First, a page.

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Going Straight:
Sri Lanka’s Ex-Prisoners Get Another Chance Thanks To Aid Scheme

A project that funds former inmates into their own small business is finding success. One of its basic tenets is that it does not discriminate.

19.02.2018  |  
Trincomalee
Bogambara prison in Sri Lanka.

Several years ago, he was convicted as an accessory of the extremist organisation, the Tamil Tigers, and spent the next decade or so languishing in Bogambara Prison.

Released in mid-2016, Annalingam Nadarajasingham is now one of the beneficiaries of a special prison reform scheme, whereby ex-inmates receive money to start their own business and regain their livelihoods.


The intention of this program is for people to gain dignity and respect for what they do.

Nadarajasingham now has an envelope with SLR69,000 (around €350) with which he plans to buy a sewing machine. “I want to help my daughter open a small shop in town where she can undertake sewing,” Nadarajasingham, a local of Jaffna, says.

The scheme, which is supported by the Merrill J Fernando Charitable Foundation’s Small Entrepreneur Programme, aids 25 prisoners to start their own business.  Over the years, almost 300 former prisoners have been given this help by the scheme, which was launched in 2007.

“When I was released I had no other job,” Nadarajasingham says. “So I started selling fruits at a weekly market in Jaffna. I was selling bananas, coconuts and grapes. My son is also in the business. And I no longer sell any illegal items,” jokes Nadarajasingham, who was arrested for selling batteries that the government deemed illegal. “I learned my lesson the hard way.”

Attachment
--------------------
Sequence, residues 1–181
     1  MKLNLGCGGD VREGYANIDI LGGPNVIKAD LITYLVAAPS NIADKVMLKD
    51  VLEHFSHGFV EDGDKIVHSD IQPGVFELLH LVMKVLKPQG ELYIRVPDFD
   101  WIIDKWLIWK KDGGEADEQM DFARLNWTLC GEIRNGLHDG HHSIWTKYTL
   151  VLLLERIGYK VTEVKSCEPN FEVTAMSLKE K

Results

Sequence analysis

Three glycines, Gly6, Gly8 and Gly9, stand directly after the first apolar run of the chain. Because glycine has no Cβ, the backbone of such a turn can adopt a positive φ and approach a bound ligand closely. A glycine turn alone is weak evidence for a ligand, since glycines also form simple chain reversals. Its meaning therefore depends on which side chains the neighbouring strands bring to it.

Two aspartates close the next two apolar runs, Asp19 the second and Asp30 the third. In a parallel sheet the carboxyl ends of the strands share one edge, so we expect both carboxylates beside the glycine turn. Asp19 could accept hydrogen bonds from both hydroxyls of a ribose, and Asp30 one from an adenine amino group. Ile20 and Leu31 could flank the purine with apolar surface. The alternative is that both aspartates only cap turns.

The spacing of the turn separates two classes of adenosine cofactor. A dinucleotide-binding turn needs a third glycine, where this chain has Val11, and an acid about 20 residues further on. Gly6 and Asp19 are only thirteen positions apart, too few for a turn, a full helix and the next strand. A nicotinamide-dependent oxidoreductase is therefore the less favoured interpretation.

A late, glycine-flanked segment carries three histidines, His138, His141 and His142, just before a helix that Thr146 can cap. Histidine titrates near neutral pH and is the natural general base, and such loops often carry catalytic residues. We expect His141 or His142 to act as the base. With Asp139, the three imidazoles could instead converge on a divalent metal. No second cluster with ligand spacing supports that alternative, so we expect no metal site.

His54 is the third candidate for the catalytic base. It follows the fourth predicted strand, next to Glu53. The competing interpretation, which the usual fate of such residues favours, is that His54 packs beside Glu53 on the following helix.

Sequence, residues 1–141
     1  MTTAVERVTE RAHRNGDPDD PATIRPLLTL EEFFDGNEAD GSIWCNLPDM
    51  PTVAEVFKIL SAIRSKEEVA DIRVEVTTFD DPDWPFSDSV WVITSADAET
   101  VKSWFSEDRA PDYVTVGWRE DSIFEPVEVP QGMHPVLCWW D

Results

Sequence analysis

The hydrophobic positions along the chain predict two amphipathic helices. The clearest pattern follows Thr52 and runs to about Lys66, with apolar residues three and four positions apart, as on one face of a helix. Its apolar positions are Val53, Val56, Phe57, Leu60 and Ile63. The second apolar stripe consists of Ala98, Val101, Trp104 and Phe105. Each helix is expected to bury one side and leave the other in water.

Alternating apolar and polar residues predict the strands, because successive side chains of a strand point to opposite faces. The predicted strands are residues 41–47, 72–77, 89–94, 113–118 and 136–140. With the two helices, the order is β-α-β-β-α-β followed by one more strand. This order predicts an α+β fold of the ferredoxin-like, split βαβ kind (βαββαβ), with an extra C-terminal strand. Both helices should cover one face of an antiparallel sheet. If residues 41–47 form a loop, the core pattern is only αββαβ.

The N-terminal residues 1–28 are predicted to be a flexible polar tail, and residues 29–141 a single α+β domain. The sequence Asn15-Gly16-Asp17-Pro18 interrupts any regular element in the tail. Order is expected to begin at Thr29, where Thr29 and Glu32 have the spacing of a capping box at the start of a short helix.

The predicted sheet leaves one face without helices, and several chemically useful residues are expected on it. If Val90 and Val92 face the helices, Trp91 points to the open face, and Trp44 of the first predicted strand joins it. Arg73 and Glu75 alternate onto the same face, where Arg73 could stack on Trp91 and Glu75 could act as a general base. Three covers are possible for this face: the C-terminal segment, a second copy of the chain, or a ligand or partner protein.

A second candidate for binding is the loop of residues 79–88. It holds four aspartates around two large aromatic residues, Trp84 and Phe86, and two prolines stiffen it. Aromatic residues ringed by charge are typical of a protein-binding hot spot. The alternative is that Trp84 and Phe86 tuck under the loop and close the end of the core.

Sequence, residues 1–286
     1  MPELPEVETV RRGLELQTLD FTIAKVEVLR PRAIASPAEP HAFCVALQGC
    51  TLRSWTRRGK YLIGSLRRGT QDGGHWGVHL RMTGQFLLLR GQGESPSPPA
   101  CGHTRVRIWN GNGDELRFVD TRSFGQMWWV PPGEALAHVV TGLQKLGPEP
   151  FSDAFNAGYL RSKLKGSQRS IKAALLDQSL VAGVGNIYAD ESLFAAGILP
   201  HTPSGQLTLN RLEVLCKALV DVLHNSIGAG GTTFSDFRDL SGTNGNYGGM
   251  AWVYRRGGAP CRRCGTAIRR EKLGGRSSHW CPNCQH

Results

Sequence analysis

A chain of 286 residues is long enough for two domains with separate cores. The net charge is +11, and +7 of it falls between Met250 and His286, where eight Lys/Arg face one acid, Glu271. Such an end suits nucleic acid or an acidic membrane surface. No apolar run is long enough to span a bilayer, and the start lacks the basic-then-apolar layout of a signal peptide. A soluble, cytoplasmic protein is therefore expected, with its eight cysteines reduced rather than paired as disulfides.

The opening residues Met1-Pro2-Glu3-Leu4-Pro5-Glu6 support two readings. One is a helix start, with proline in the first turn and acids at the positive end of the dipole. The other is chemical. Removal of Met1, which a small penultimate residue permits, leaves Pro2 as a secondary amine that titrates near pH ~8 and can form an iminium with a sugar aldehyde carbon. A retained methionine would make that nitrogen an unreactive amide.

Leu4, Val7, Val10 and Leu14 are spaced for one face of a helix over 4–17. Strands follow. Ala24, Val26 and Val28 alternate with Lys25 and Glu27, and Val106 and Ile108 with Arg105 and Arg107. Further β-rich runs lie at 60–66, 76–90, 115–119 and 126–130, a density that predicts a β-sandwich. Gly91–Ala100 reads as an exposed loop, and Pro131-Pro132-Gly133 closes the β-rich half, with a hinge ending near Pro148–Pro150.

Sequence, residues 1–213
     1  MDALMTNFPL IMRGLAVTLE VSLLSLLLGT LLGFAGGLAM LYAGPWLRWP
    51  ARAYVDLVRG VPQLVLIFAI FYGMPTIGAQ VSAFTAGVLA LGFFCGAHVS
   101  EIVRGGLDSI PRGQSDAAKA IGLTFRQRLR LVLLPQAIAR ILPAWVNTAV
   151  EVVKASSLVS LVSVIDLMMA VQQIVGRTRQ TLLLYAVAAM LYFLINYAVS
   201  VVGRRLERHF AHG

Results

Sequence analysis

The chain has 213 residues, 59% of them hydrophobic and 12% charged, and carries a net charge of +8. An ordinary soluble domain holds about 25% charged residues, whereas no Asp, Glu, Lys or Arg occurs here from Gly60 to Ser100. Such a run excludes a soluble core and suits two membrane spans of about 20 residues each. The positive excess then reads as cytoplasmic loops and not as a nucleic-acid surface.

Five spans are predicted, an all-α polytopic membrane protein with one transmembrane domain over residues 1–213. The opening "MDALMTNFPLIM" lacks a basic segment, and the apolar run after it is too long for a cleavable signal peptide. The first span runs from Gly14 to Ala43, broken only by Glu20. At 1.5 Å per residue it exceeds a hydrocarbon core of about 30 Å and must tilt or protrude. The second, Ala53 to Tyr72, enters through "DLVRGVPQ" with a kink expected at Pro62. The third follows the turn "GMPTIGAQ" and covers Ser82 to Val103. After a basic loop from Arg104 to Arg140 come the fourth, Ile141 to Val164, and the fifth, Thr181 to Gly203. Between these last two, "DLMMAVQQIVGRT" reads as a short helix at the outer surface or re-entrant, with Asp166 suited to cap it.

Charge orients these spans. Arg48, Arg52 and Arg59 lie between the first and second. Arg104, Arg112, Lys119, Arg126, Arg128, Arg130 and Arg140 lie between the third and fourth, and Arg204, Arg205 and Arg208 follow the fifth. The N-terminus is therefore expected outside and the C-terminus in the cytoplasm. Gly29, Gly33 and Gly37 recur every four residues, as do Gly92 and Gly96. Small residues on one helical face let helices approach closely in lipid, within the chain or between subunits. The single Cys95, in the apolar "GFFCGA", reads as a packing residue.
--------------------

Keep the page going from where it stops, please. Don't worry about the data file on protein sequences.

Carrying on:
No matter where they are from, other locals look at the ex-prisoners askance. It is difficult for them to regain their good reputations but the scheme tries to help them do this.

“I was encouraged to give more support to the prisoners program,” the founder of the foundation, Merrill J. Fernando, says. “The intention of this program is for people to gain dignity and respect for what they do.”

He says he believes that everyone deserves a second chance and the opportunity to turn his or her lives around. The aid is given no matter which religious or ethnic affiliation a prisoner has.

Emil Ranjan Lamahewa, the prison commissioner for rehabilitation, says that the prisoners who receive the aid are selected through a process where their skills and financial backgrounds are taken into account.

Nadarajasingham is remorseful about his crimes. “The batteries that I tried to smuggle could have caused a disaster if they had ended up in the Tamil Tigers hands,” he says. “It was my greed that caused me to do this. We needed extra money for my family as we had so many hardships under the Tigers’ control. They imposed taxes on everything.”

However, he still refutes the other accusation that he was working for the Tamil Tigers. “I was never a person who thought that we should have a separate country for Tamils,” Nadarajasingham explains; he himself grew up in a mixed community and many of the Sinhalese children he grew up with are now part of the armed forces and police. “I want the Sinhalese and Tamils to live together in a united Sri Lanka. Fights between us are just like fights in a family that will be mended after a few days.”

 

Annalingam Nadarajasingham has benefitted from the aid scheme.

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